This article was originally published in The New York Times on April 20, 2012 under the title, “Chinese court overturns a young tycoon’s death sentence.”
BEIJING — The Supreme People’s Court on Friday overturned the death penalty against a 31-year-old woman who was convicted of financial fraud three years ago after becoming rich through a company that sold beauty products and other goods.
The case of the woman, Wu Ying, ignited an enormous outcry in China, especially on the Internet, and strengthened public criticism of the death penalty.
Xinhua, the state news agency, reported that the supreme court, which agreed in February to review the case, refused to approve the death sentence imposed by a lower court and said that the sentence needed to be revised by the High People’s Court of Zhejiang, a coastal province that is home to Ms. Wu and many other entrepreneurs.
Ms. Wu was sentenced to death in December 2009 by the Jinhua Intermediate People’s Court in Zhejiang for cheating investors out of $60.2 million. Ms. Wu, the founder of Bense Holding Group, raised $122 million from investors between 2005 and 2007, according to official reports.
Her supporters said she had been transparent in her business dealings and had not tried to hoodwink investors. Rather, they said, she was trying to raise money through private financing and loans. In China, private entrepreneurs can have a tough time getting financing from state banks, which prefer to lend to state-owned enterprises. In Zhejiang, and particularly in the manufacturing city of Wenzhou, near Ms. Wu’s hometown, underground lending markets catering to ambitious entrepreneurs have sprung up as a result.
Critics of the lower court’s decision also said that double standards had been applied in Ms. Wu’s case: well-connected defendants convicted of financial fraud appeared to get more lenient sentences, they said, than did Ms. Wu, a self-made tycoon who quit school as a teenager.
Opponents of the death penalty praised the supreme court’s decision and posted triumphant comments on microblogs, where discussion of Ms. Wu’s case had gained the most traction, especially among intellectuals.
“This is a victory for Internet public opinion in China,” wrote Hu Xijin, the editor of Global Times, a populist newspaper that often takes a nationalistic line. “I still say this: No murder, no death penalty. This applies to everyone.”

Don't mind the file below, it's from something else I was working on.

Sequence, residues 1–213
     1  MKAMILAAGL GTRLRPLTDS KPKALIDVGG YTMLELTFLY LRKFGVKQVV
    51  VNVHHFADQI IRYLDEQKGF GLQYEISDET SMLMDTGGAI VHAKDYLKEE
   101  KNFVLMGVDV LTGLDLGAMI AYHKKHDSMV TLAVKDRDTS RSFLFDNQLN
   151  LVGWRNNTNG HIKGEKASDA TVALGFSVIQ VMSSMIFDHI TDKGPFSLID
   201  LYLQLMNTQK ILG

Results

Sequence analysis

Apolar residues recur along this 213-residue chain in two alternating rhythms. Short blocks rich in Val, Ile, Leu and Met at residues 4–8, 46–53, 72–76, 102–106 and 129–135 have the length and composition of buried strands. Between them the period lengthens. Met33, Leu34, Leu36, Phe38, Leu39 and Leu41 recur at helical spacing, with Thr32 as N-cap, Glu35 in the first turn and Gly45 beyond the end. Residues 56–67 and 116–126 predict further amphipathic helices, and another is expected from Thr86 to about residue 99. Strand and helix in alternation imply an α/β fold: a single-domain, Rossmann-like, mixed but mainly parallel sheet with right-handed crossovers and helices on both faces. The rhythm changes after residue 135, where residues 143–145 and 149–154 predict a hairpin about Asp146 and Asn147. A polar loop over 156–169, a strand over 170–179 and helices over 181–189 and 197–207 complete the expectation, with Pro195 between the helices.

He Bing, the outspoken vice dean of the law school at the China University of Political Science and Law, wrote, “It should be recognized that the Internet provides a convenient venue for public supervision of justice.”
But in its ruling, the supreme court reaffirmed the guilty verdict in the case. That raises the prospect of Ms. Wu’s supporters continuing to lobby the courts to overturn the original verdict.
“Wu obtained an extremely large sum of money through fraudulent fund-raising, causing severe losses to the victims, undermining the national financial order and creating extremely harmful effects, and thus entails a penalty in line with the law,” the supreme court said in its ruling, according to Xinhua.
In an online interview with Internet users, Ms. Wu’s father, Wu Yongzheng, said he was “not satisfied” with the review by the supreme court and did not trust the court in Zhejiang to resentence his daughter.
Jerome A. Cohen, a scholar of Chinese law at New York University, said in an e-mail interview that the supreme court decided that the accused need not be sentenced to immediate execution, opening the way for a new sentence, including death with a two-year suspension. That usually means that the convicted person will never be executed; after two years of good behavior, he or she might get a life sentence.
“But, by sending the case back for resentencing, it leaves open the possibility that Wu may immediately get an even lighter sentence than a two-year suspended death penalty, such as 15 years,” Professor Cohen said. “This seems a typical Chinese judicial compromise between what those who call for the death penalty wanted and what Wu’s many supporters, both popular and professional, have called for.”
China executes more criminals than any other nation, but it is not unusual for a high court to reject a death sentence after a review. People following Ms. Wu’s case expected the supreme court to reject the original sentence after Prime Minister Wen Jiabao said at a news conference in March that the court should handle her case carefully.
Some people say the supreme court’s decision could also be related to a political scandal that has enveloped the highest ranks of the Communist Party.
Famously, there were no rejections by higher courts of any of the 13 recent death sentences that resulted from what was billed as an anticrime campaign in the western metropolis of Chongqing. That campaign, called “smash the black,” was started by Bo Xilai, the city’s party chief and ambitious member of the central Politburo.
But Mr. Bo was removed from his Chongqing post in March and is now under investigation for “serious disciplinary violations” while his wife, Gu Kailai, is being investigated in the murder of a British businessman, Neil Heywood. Many prominent lawyers say the smash the black campaign was an affront to the justice system, and some victims of it say it was an effort by Mr. Bo to destroy his or his allies’ personal enemies.
Li Bibo and Edy Yin contributed research.